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Emancipation och religion. Den svenska kvinnorörelsens pionjärer i debatt om kvinnans kallelse ca 1860-1900

Inger Hammar, Historiska institutionen, skilda bibliotek,
Publication Date
  • Religion-Blind
  • Sweden
  • Ideology
  • Sexuality
  • Liberal Theology
  • Calling
  • Luther
  • Gender
  • Emancipation
  • Religion
  • Contemporary History (Circa 1800 To 1914)
  • Modern Historia (Ca. 1800-1914)
  • History And Archaeology
  • Economics
  • Education
  • History
  • Religious Science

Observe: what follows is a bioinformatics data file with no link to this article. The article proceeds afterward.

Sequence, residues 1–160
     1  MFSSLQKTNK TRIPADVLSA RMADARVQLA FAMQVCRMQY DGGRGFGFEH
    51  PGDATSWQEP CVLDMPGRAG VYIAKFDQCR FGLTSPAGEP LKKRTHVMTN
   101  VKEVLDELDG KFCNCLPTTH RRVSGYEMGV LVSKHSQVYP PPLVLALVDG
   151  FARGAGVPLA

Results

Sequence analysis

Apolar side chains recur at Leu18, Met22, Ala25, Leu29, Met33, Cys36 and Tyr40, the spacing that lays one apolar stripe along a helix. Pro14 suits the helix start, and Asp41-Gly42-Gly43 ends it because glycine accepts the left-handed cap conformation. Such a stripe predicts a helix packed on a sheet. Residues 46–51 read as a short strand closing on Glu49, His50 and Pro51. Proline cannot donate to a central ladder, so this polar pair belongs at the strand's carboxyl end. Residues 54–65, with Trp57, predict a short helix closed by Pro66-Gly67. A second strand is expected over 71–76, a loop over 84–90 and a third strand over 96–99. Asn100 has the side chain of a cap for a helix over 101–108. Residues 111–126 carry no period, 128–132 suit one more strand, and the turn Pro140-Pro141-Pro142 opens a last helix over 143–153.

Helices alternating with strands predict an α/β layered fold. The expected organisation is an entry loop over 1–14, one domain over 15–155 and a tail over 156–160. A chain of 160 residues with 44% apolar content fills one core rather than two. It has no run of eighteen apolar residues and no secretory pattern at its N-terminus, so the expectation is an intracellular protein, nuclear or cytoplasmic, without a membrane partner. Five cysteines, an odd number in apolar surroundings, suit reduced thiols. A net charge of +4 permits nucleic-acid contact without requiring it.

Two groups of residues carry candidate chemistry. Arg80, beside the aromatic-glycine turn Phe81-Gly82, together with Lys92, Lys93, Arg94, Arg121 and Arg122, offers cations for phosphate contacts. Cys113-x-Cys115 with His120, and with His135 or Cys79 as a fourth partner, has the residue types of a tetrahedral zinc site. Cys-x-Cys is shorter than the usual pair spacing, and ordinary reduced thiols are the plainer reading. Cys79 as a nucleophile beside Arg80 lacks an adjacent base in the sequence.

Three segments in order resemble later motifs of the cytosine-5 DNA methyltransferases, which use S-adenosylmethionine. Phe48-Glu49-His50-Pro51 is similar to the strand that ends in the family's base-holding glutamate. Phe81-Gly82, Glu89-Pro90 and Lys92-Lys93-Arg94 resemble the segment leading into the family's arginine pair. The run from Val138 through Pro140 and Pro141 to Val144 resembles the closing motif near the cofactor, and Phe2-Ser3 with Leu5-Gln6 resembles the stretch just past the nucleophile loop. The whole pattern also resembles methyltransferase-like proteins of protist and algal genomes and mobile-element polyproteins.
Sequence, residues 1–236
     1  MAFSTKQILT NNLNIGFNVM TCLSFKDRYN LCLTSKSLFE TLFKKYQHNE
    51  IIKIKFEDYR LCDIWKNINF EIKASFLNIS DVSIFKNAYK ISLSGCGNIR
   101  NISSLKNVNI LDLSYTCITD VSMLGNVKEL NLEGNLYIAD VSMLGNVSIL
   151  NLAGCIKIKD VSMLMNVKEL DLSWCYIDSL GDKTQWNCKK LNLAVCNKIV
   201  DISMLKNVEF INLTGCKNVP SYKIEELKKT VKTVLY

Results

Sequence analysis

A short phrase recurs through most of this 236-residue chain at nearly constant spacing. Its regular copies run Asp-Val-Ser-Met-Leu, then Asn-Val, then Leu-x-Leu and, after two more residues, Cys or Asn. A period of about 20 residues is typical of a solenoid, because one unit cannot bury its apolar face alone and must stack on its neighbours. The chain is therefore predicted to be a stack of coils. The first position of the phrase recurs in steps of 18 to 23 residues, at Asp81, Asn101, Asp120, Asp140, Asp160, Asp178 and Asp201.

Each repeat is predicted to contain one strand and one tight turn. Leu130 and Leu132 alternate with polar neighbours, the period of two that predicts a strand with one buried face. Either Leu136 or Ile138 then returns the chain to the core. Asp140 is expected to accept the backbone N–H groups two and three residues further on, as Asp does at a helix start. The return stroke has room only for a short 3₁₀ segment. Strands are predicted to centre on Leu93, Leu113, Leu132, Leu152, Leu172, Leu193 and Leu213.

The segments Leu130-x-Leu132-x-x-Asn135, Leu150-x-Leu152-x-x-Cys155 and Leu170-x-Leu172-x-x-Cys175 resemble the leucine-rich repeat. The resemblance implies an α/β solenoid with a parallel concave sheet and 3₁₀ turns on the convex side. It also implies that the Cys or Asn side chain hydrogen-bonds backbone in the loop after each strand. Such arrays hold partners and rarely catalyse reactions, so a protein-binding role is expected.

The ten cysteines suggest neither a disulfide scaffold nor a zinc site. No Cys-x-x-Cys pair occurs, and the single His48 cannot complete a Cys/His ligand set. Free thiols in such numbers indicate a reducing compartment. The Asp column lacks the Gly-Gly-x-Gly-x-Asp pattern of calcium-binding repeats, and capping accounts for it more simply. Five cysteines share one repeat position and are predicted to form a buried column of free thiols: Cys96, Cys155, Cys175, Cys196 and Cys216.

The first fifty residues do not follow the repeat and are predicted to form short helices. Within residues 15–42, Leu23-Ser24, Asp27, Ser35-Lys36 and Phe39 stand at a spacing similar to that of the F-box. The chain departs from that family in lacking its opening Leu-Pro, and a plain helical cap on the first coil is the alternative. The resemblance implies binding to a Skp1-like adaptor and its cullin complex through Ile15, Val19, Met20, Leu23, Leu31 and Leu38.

The purpose of the thesis is to chart the ideology that formed the basis for the initial stages of the emancipation of women in Sweden. The focus of the analysis is the debate over what constituted a woman's calling, and her place in public life. The early feminists possessed a Christian outlook with strong liberal overtones, and it was thus specifically theological arguments that the pioneering generation was to use in the debate over the emancipation of women. This debate was mainly conducted with men who argued for the official, orthodox interpretation of the Lutheran-Christian understanding of the relationship between the sexes. The pioneer emancipationists' line was firmly anchored in a Lutheran tradition that asserted that, at Creation, God destined the sexes to complete one another. This, however, was not synonymous with accepting the subordination of women. Although research into the history of Swedish women dates back to the 1960s, and numerous historians have dealt with the pioneer period of the second half of the nineteenth century, no one thus far has observed, even less analysed, the fundamentel significance of religion to an understanding of the relationship between the sexes, and the effect it was to have upon the debate about women's emancipation. In a simplistic way, religion, the church, and the priesthood have been described as being hostile to emancipation. In so doing, a glaring contradiction was missed; the women who from the mid-nineteenth century demanded emancipation had ideological roots in the very context that research has described as hostile to emancipation. The driving force behind the call for women's emancipation has been sought in other places. A case was made for economic imperatives, and another for an ideological basis for an emancipated world view that is wholly separate from Lutheran, Bible-based ideology. In the thesis, such reseach has been termed 'religious-blind', a term that takes its inspiration from the widely established term 'gender-blind'. The study shows that an analysis of people's relationship to the prevailing interpretative framework of Lutheran teaching, can provide a greater understanding of the ideology that was the basis the emancipationists' actions. The central figures are drawn from the circle around "Tidskrift för hemmet" ("Home Journal") that was published between 1859 and 1885, and its successor "Dagny", published from 1886. The circle can be seen as following the footsteps of Fredrika Bremer, and its main character is Sophie Leijonhufvud-Adlersparre. Theolocically, the circle was tied to a religious liberalism that, in demanding personal freedom, also gave support to the women's movement. Their basic theological view was based on a historical understanding of the Bible, and a critical view of history, that grew during the second half of the nineteenth century. The pioneering feminists' ideology came, by the turn of the century, to be questioned from within. The objections did not now stem from othodox theology, but instead from an increasingly secularised movement where the new emancipation ideology was described in non-theological terms and reflected an earthbound perspective.

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